JOAN BARTH ON: WRITE WHAT YOU KNOW
I was always advised to “write what you know” but Sara Gruen who wrote WATER FOR ELEPHANTS never saw an elephant. I am writing about a woman in 1883 in New York City. I have no knowledge of what it was like to live in New York City in the 1880s.
I would advise you to write what you are interested in. It is not necessarily what you know. It is important that the subject turns you on. If it does, you will attract others who find it exciting, too.
Research resources are easily available. I have used the New York Historical Society, the ASPCA, the Metropolitan Transit Corporation, the New York Public Library, the City of New York Museum, Cooper-Hewitt Museum and many other sources. They all inform me of New York City life in the 1880s.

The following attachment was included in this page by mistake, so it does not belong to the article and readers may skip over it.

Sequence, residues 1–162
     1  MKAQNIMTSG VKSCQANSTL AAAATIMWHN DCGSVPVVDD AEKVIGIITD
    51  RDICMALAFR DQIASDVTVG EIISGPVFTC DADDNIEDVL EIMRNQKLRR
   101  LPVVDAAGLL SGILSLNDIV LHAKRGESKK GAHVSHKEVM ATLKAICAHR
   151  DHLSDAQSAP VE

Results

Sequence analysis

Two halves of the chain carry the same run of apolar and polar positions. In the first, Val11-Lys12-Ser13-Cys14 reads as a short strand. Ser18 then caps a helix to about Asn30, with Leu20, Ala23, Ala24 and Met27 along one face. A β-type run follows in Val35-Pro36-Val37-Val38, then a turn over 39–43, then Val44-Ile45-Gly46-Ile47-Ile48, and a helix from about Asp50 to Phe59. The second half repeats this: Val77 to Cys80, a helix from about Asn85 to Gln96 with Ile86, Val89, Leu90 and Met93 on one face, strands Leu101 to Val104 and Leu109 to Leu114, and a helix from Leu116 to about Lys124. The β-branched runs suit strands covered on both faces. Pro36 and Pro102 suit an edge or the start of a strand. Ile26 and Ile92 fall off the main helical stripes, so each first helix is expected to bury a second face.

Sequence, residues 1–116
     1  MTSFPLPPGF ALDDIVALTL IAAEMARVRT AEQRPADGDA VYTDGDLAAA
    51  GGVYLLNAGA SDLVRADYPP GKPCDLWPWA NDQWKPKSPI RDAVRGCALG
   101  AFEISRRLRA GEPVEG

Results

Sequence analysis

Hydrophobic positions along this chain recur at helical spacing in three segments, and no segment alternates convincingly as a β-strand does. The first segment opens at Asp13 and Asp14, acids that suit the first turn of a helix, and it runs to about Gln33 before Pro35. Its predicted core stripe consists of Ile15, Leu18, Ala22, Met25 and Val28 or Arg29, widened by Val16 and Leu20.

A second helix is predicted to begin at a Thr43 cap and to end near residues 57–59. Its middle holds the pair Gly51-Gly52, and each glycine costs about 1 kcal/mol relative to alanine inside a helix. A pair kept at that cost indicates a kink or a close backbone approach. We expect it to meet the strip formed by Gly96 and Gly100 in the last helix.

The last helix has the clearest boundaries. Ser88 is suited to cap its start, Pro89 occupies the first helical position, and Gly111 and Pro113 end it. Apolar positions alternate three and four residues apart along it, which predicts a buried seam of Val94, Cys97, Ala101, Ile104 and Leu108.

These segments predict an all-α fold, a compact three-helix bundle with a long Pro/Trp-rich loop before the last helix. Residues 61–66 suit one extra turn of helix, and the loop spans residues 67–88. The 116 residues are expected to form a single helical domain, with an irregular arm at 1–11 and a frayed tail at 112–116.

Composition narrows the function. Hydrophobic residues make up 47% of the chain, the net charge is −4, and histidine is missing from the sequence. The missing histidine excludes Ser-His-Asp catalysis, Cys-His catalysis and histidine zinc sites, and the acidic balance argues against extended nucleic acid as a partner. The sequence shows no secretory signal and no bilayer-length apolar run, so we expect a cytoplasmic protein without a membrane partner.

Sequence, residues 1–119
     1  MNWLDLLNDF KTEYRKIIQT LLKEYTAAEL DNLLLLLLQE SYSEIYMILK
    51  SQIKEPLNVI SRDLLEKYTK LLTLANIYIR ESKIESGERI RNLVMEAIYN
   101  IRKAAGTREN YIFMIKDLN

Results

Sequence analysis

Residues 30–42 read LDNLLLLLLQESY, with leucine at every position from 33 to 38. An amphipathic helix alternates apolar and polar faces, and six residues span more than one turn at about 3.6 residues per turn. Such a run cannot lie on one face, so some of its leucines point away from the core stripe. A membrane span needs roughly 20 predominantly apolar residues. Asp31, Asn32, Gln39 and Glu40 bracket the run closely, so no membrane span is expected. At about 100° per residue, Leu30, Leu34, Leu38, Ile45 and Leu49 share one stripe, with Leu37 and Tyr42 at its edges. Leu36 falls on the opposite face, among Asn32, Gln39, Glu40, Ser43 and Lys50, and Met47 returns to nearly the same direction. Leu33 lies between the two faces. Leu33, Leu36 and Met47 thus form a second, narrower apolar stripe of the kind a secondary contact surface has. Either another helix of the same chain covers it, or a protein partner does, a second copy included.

If you write for your audience but the subject fails to “hook” you, why write? For me, writing and rewriting takes a lot of time so my subject has to appeal to me. I do not take a currently popular issue and write to fill a need that is timely, but boring to me.
Why does 1883 appeal to me? It was the year my grandmother immigrated. I know very little about he but by focusing on that time period I learned, through research, what it was like to live in New York City then. I discovered what my grandmother’s life must have been. There was much prejudice about immigrants, Catholics, women, the Irish, domestic servants, intelligence (especially in women). Am I glad I didn’t live then.
I am glad I live now and I hope others will be as curious as I am in gathering information about an unknown point in time.